The awards that our students were asked to choose were based on fairness, compassion, empathy, kindness. and looking for the good in everyone. For the most part, the students could be trusted to make the right choices.

Around two weeks before school finished, We'd hand out a sheet of paper with rewards written on them and another sheet with each child’s name. The class would write the name of the person that they’ve chosen to receive that particular reward. We'd also fill out a sheet.  Votes were collected and tallied. We'd then fill our each reward.  The kids especially loved this because it felt good to receive positive acknowledgement from their peers.

During the last week of school we would hold an awards ceremony and invite the parents. Of course the awards were distributed with much pomp and circumstance. We'd usually bring in some cider and donut holes to help celebrate. Great PR with the parents there, they were so happy to see their child receive this recognition..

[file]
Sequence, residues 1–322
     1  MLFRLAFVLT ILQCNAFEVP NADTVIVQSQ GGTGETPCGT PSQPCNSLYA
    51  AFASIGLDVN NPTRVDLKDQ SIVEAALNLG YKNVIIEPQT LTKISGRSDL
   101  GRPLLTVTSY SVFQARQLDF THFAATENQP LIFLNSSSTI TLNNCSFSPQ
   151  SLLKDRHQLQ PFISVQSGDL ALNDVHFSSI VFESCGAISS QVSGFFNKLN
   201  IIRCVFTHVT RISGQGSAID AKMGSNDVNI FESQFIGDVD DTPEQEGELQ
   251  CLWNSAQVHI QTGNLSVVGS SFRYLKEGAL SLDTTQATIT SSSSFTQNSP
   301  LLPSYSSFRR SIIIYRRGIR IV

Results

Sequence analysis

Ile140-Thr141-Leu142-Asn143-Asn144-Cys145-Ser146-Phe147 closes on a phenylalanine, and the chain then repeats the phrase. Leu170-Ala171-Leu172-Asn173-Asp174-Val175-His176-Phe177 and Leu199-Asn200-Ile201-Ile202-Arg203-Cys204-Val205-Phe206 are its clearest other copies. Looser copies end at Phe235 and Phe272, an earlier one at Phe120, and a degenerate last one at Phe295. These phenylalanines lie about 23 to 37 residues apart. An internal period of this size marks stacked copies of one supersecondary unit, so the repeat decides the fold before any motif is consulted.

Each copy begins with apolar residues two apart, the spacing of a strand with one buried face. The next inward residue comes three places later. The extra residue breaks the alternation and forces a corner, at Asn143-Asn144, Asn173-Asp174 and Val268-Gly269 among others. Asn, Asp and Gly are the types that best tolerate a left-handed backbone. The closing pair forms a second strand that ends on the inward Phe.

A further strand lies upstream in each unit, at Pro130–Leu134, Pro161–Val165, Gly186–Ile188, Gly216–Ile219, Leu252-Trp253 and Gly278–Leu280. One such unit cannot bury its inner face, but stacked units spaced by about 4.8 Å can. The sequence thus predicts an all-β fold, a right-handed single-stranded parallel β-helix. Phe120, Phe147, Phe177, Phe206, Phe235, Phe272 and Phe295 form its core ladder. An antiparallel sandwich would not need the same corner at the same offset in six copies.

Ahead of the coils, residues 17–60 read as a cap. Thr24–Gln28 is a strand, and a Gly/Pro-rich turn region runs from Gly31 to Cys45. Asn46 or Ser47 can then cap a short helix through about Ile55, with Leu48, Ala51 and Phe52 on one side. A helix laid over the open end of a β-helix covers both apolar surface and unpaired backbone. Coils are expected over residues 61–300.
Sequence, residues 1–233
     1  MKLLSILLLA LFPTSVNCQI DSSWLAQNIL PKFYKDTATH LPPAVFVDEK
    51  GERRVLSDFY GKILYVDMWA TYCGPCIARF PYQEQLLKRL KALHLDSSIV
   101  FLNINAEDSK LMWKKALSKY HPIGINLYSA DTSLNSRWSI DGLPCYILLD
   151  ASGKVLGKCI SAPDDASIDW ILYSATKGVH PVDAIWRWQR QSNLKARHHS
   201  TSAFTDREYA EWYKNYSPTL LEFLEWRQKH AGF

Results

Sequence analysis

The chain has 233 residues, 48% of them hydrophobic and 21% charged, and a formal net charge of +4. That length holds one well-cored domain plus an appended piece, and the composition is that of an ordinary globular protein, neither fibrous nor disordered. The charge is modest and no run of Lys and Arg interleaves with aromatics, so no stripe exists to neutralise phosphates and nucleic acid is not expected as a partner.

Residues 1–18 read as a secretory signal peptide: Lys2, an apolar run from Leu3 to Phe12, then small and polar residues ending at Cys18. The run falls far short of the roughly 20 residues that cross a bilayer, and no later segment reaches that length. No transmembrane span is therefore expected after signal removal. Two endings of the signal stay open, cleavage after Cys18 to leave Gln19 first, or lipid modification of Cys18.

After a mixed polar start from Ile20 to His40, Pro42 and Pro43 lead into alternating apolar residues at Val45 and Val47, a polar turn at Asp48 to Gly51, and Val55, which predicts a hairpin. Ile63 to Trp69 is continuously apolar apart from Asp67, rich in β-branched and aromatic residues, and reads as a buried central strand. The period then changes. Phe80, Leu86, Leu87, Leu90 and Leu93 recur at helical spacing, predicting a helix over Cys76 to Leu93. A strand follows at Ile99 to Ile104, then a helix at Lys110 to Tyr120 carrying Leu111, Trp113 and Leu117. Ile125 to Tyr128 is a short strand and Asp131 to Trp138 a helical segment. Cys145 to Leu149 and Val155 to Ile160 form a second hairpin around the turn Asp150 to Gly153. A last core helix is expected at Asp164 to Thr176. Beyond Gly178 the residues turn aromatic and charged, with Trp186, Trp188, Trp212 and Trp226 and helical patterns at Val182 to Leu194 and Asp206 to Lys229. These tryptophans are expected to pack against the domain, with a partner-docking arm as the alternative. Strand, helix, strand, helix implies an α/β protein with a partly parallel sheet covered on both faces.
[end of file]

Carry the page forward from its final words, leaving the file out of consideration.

Since I'm no longer on the front lines, I've created a set of 104 class awards, 52 in color and their counterparts in black and white. with thought provoking growth mindset quotes from philosophers, artists, scientists, historians, psychologists and more, for you to use with your 6-8 grade classes.  I really want to help make your lives easier during this tough time of the year.

End of the Year Awards

This is part of our May Teacher Talk Collaborative. Be sure to check our the other posts from these awesome teachers.



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Sunday, April 09, 2017

If you love Jelly Beans......

Can’t you just smell spring in the air? Daffodils beginning to bloom, Lilac trees starting to flower, and Lilies of the Valley popping up. I just love the aroma. Not only is my birthday in April but it brings us Passover, Easter, and one that you may never have heard of, can you guess? If you said Jelly Bean Day, you’d be right. It's April 22nd. I don’t know about you, but I looove jelly beans. They come in so many awesome flavors, no I don’t like the black ones, but I had an aunt who used to love them.